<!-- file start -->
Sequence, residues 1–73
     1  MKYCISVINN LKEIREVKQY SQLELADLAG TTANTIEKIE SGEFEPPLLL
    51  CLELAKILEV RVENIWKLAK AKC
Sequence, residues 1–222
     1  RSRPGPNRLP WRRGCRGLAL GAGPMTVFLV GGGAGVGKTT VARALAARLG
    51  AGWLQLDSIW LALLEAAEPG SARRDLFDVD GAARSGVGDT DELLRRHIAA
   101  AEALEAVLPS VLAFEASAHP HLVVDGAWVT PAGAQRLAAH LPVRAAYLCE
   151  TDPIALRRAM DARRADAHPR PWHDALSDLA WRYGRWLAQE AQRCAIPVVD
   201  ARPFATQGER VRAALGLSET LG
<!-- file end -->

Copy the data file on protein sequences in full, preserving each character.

Sequence, residues 1–73
     1  MKYCISVINN LKEIREVKQY SQLELADLAG TTANTIEKIE SGEFEPPLLL
    51  CLELAKILEV RVENIWKLAK AKC
Sequence, residues 1–222
     1  RSRPGPNRLP WRRGCRGLAL GAGPMTVFLV GGGAGVGKTT VARALAARLG
    51  AGWLQLDSIW LALLEAAEPG SARRDLFDVD GAARSGVGDT DELLRRHIAA
   101  AEALEAVLPS VLAFEASAHP HLVVDGAWVT PAGAQRLAAH LPVRAAYLCE
   151  TDPIALRRAM DARRADAHPR PWHDALSDLA WRYGRWLAQE AQRCAIPVVD
   201  ARPFATQGER VRAALGLSET LG